On hearing this message, Josua's soul is torn by a sense of conflicting duties. On one side he belonged to the Hebrew race, and the misfortunes of his people are his own. He shares the blood of Nun, of Miriam. But on the other hand has he not sworn allegiance to Pharaoh? and how can he break his oath to become the leader of a people who are now the enemies of the king he serves? As a loyal soldier he is bound to despise every deserter. How, then, can he himself be guilty of that which he has so often punished with death in his subordinates?

In Pharaoh's army he has risen to high honour and fame. Shall he now renounce these in order to command an undisciplined horde of workmen and shepherds? Shall he renounce everything, change his whole life and his very name, merely at a woman's biddingeven though she be beautiful, and he loves her?

Josua feels such resignation to be impossible, and has almost decided to abide by his allegiance to Pharaoh when he is called to an old dying man, a former slave of Nun, who has charged him with

an order for his son. This order, whose purport is identical with Miriam's summons, cannot, however, as lightly be set aside. As a son, Josua feels bound to obey his father, and henceforth his mind is made up-or he believes it to be so. He will join his people, and become their leader.

But alas for Josua's vacillating character! Scarcely has he regained his tent after the interview with the old slave, when other messengers appear. A royal chariot with fiery steeds has halted at the entrance, and in its occupants Josua has recognised the Lord Chamberlain and chief Privy Councillor of the king, come hither to summon him to his majesty's presence.

The scene in which Josua appears before Pharaoh is not without a reflection of the author's former power, and the portraits of Rui the old high priest with his rugged wrinkled face and shrewd gleaming eyes, as well as that of the queen seated by Pharaoh's side, her lap full of flowers, with which she is weaving funeral wreaths for the corpse of her first-born, are vivid and picturesque.

wooed by another suitor, Hur, a man of the ripe age of fifty, who, though with silver threads streaking his dark hair, and with children and grandchildren of his own, is yet erect, and in full possession of his manly vigour.

Miriam has just refused his offer, confessing that she loves another, when the sound of an approaching horseman is heard in the dark

Rejoiced and encouraged by the benignant reception he meets, Josua ventures to bring forward his petition of being released from his oath of allegiance. His request is granted conditionally; Pharaoh orders him to hasten after the fugitives and induce them to return. When he shall have accomplished his mission he shall be free to do as he chooses. The prospect of yet higher honour is, however, held out to him as a bait, and the queen adds her gentle voice to Pharaoh's request that Josua will take upon himself the office of mediator between Hebrews and Egyptians.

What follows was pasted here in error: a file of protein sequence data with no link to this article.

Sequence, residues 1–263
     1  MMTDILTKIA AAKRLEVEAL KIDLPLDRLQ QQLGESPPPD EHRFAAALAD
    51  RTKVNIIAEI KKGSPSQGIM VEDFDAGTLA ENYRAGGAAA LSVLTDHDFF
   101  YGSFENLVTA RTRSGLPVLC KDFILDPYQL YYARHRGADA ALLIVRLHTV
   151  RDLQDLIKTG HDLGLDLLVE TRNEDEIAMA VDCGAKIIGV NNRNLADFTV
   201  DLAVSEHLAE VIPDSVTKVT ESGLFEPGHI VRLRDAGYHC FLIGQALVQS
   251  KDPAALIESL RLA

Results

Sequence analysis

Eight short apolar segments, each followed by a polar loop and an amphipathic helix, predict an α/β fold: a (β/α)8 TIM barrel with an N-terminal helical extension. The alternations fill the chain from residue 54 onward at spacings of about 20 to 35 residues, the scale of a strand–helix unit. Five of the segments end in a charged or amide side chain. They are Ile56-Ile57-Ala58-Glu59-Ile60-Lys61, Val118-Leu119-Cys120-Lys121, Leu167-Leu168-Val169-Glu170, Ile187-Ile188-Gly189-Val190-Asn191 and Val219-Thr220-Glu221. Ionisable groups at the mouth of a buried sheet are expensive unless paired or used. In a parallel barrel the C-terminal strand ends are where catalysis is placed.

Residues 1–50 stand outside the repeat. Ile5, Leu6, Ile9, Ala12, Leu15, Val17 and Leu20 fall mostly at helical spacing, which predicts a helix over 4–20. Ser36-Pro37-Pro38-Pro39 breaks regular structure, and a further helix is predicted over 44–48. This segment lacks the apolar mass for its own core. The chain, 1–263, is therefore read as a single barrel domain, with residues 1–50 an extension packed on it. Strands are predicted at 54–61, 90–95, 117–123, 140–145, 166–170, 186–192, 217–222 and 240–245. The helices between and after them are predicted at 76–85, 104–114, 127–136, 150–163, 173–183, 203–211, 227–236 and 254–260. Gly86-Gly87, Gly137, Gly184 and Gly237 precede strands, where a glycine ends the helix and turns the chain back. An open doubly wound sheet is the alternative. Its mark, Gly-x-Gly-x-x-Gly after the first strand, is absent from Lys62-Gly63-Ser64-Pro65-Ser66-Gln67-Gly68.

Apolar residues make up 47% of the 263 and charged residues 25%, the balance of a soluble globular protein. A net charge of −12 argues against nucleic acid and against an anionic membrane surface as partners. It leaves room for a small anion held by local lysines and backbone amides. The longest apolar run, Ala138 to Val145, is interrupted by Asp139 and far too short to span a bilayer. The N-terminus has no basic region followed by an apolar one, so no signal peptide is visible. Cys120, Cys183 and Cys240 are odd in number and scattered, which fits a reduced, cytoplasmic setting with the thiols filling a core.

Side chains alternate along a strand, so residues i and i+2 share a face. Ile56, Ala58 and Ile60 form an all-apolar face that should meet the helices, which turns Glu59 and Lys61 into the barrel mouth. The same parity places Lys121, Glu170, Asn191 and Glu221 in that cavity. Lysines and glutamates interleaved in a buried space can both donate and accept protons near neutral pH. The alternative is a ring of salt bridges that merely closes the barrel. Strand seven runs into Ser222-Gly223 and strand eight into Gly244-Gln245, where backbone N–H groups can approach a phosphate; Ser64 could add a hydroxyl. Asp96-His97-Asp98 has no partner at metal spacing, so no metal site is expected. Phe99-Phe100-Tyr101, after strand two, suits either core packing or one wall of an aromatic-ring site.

Miriam, meanwhile, has been

night, and Josua appears, having ridden fast and far in order to catch up his flying countrymen. Hur discreetly retires, leaving the lovers standing alone beneath a huge sycamore-tree, with stars shining all around them; but having detected the vacillating nature of Josua's resolve, before going, he reminds Miriam of his offer, telling her that she may always count on him should she want a protector.

The explanation between the lovers does not take a satisfactory turn, and is intensely wearisome. Josua wants to speak first, and explain why he has come, but Miriam interrupts him, and insists first on relating to him the story of her life (which we suppose he knows already), and upon analysing the nature and development of her feelings towards him. Josua grows impatient, and so does the reader. Love conquers at last. Miriam sinks into his arms, and for one brief moment the prophetess is sunk in the woman. Then comes the reaction, when Josua begins to unfold his plans for the weal of his people. Not to follow them into the wilderness has he come hither, but to lead them back into Egypt, where a new and happier life awaits them. United to her, and happy in her love, he will rise to power and dignity, and together they will preside over the welfare of their countrymen.